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Tip of the Day
Language: Java
Expertise: Intermediate
Jan 29, 2003

Using Finally for I/O And SQL


An application's memory footprint grows over time and may eventually cause the application to crash. There are many things that lead to a slow memory burn. One of these is failure to close file handles and SQL database connections.
 
File file = new File(...);
try {
FileInputStream fis = new FileInputStream( file );
..
} catch(IOException ioe) {
ioe.printStackTrace();
}

try {
Connection conn = ....;
Statement ps = conn.prepareStatement();
..
ResultSet rs = ps.executeQuery();
..
} catch(SQLException sqle) {
sqle.printStackTrace();
}

In most cases, it's simple to add code to close these:
 
File file = new File(...);
try {
FileInputStream fis = new FileInputStream( file );
..
fis.close();
} catch(IOException ioe) {
ioe.printStackTrace();
}

try {
Connection conn = ....;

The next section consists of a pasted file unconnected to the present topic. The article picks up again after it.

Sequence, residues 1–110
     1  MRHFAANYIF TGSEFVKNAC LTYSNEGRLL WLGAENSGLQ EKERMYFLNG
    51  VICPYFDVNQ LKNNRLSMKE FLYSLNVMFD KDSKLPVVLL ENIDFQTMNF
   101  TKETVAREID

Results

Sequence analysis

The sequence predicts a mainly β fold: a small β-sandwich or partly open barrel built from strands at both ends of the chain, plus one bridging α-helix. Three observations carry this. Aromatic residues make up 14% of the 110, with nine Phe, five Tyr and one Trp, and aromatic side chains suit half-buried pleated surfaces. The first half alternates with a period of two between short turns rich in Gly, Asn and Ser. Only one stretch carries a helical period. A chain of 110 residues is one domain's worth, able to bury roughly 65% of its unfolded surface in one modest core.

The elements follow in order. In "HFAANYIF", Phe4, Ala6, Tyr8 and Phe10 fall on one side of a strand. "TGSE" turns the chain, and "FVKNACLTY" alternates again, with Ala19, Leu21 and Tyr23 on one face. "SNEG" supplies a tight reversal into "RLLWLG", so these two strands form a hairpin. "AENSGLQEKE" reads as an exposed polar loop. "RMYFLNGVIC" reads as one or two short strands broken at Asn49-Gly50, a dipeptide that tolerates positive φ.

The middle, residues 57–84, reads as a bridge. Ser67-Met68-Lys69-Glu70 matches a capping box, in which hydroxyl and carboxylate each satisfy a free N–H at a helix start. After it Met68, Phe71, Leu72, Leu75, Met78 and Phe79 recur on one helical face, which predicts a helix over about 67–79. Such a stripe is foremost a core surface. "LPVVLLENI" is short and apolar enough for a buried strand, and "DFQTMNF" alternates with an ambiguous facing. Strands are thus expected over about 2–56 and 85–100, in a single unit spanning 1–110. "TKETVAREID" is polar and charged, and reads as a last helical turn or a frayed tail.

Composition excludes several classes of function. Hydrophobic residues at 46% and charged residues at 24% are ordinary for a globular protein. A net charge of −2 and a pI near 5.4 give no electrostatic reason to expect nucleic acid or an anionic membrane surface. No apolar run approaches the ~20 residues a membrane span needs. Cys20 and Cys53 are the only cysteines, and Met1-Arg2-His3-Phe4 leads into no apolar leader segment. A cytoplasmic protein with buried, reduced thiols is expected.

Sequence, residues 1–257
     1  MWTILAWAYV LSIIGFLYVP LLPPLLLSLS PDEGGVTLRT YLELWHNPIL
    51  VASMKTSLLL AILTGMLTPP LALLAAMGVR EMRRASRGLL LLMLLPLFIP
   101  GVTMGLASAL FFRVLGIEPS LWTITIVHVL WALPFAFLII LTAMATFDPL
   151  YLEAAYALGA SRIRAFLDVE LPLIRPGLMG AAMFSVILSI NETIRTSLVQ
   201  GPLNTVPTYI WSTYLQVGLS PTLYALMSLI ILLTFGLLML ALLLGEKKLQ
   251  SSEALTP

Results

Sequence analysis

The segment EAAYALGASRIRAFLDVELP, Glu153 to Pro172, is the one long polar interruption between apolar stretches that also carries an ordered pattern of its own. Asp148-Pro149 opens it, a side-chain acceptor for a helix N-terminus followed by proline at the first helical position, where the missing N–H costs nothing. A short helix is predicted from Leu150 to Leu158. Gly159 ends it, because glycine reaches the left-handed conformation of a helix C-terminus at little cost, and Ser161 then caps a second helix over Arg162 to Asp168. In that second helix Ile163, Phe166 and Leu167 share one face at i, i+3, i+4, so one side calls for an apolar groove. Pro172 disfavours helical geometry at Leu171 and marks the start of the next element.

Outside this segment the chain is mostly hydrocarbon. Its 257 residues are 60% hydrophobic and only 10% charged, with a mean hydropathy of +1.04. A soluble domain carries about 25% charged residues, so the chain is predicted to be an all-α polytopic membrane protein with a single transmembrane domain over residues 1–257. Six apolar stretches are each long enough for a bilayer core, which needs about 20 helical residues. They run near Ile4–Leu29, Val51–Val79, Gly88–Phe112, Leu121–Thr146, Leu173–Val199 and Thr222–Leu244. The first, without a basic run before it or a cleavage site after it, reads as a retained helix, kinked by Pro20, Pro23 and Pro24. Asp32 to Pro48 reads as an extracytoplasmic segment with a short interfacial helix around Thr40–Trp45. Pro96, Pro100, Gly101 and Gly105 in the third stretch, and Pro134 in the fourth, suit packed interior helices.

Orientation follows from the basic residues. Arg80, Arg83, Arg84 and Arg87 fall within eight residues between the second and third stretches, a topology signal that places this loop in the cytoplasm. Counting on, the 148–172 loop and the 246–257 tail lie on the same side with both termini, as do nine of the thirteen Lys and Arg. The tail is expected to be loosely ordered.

Statement ps = conn.prepareStatement();
..
ResultSet rs = ps.executeQuery();
..
rs.close();
ps.close();
conn.close();
} catch(SQLException sqle) {
sqle.printStackTrace();
}

When an exception is thrown, however, the connections will not close. Closing is effective inside the catch block, but there may be multiple catch blocks, which would mean a lot of repeated code.

To solve this problem, use the finally keyword. After a block is executed, such as a for loop, a while loop, or a try-catch, any statement inside the finally { } block will be executed.
 
try {
} catch(SomeException se) {
se.printStackTrace();
} finally {
// this is executed ALWAYS
}

Unfortunately, the finally { } block doesn't share the same scope as the preceding block, so the code gets more complex. For example:
 
File file = new File(...);
FileInputStream fis = null;
try {
fis = new FileInputStream( file );
..
} catch(IOException ioe) {
ioe.printStackTrace();
} finally {
if(fis != null) {
fis.close();
}
}

Connection conn = null;
Statement ps = null;
ResultSet rs = null;
try {
conn = ....;
ps = conn.prepareStatement();
..
rs = ps.executeQuery();
..
} catch(SQLException sqle) {
sqle.printStackTrace();
} finally {
if(rs != null) {
rs.close();
}
if(ps != null) {
ps.close();
}
if(conn != null) {
conn.close();
}
}

The code is now longer and more complex, yet it is also stronger and will not leave file handles and SQL connections hanging around.
Ramneek Handa
 
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